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Claiming Expenses - The Common Errors

Over six million taxpayers claim work-related expenses worth almost $10 billion and the numbers are increasing. Not all expenses are deductible and errors are being made.

Taxpayer involvement in rental properties is also increasing with over 1.3 million taxpayers showing income or deductions at rental labels in their tax returns. Again some common errors are being made.

The Common Errors

There are some common errors that can be avoided:

Work-related expenses

  • Motor vehicle claims made using the 'log book' method where there is no valid log book.
  • Clothing being claimed where qualifying conditions are not met.
  • Self education claims made where there is no work connection at the time the expense is incurred.
  • Students receiving AUSTUDY or ABSTUDY payments incorrectly claiming self education expenses against those payments.
  • Taxpayers incorrectly calculating decline in value deductions as well as not apportioning deduction claims between business and private use. This applied particularly to home computer, internet usage and mobile phone claims.
  • Claims made for home office expenses based on occupancy costs where the home is not considered to be a place of business.
  • Claims made for meal expenses where no overtime meal allowance has been declared.
  • Claims where there is no connection to current employment income, and
  • Ongoing FID claims. FID was abolished with effect from 1 July 2001.

Rental deductions

  • Claiming the cost of carrying out initial repairs - such as rectifying damage, defects or deterioration that existed at the time of purchasing the property - as immediate deductions. These costs are capital expenditure.
  • Claiming renovation costs as deductions for repairs - again, these are expenses of a capital nature and may be claimed as capital works deductions. The Tax Office is investigating claims for repairs which are really capital improvements, such as remodelling bathrooms and kitchens and adding a deck or pergola.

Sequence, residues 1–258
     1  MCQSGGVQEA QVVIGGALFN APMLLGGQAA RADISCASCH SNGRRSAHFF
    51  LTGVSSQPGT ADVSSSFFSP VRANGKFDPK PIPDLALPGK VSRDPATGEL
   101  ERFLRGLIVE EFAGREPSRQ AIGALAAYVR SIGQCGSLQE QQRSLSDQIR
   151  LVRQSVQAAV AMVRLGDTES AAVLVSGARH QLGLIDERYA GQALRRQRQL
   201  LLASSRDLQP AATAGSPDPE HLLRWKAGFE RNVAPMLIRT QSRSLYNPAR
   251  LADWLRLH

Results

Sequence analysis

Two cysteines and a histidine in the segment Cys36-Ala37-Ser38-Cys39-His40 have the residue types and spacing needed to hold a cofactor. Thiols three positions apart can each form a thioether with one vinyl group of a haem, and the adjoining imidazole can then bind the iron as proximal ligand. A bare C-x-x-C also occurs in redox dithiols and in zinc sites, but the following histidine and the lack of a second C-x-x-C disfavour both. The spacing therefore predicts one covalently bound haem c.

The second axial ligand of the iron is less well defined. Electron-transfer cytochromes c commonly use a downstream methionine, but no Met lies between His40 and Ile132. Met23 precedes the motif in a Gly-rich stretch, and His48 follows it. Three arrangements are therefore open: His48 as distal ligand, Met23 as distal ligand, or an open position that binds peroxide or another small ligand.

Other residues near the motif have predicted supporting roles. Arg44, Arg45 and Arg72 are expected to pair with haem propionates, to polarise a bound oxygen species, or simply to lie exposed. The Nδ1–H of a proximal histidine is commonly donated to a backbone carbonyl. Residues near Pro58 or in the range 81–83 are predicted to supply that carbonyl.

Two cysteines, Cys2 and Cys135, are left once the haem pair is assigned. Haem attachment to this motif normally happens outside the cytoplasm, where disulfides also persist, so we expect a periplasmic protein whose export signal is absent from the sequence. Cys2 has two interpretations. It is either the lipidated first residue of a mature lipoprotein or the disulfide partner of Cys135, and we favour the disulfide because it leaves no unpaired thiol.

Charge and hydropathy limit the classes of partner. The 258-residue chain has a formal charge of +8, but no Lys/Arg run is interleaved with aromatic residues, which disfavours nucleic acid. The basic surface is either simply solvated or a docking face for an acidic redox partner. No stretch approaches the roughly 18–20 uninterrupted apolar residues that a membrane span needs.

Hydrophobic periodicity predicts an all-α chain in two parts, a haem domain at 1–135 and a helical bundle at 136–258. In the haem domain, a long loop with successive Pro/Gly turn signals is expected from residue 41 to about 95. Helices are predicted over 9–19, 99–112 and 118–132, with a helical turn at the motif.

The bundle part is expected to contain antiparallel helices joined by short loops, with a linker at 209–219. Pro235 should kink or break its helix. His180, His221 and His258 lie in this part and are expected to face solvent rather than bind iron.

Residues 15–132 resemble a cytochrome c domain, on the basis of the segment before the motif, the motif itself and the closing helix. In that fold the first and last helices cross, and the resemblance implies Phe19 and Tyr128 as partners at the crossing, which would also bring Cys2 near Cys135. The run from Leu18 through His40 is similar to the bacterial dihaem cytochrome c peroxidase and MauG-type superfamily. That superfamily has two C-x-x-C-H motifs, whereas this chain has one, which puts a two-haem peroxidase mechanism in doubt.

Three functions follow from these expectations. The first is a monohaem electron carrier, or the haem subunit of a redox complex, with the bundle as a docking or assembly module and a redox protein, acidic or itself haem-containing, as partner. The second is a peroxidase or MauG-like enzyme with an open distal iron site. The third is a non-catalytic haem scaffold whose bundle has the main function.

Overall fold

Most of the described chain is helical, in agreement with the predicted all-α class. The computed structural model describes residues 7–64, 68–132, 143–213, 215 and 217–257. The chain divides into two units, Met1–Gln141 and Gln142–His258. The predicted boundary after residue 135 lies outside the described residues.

• Claiming deductions for a property that is not genuinely available for rent or is rented for only part of the year.
  • Including the cost of the land in capital works deductions (i.e. as part of the construction cost of the rental property).
  • Claiming construction costs as decline in value deductions (previously known as depreciation).
  • Overstating interest deductions by including amounts related to private borrowings - interest on a loan taken out for both income-producing and private purposes, such as the purchase of a rental property and a private motor vehicle, needs to be apportioned into deductible and non-deductible parts, according to the amounts borrowed for the rental property and for the private purpose.
  • Not apportioning travel expenses where the visit to the rental property is combined with another purpose, such as a holiday.
  • Claiming deductions for items incorrectly classified as depreciating assets.

To avoid making these errors, please ensure you provide your client manager with the most accurate information.

Copyright ATO, 14 September 2004

This article is not a substitute for independent professional advice. We do not warrant the accuracy, completeness or adequacy of the information or material in this article. All information is subject to change without notice. We and each party providing material displayed in this article disclaim liability to all persons or organisations in relation to any action(s) taken on the basis of currency or accuracy of the information or material, or any loss or damage suffered in connection with that information or material. You should make your own enquiries before entering into any transaction on the basis of the information or material in this article. Please ensure you contact us to discuss your particular circumstances and how the information provided applies to your situation.

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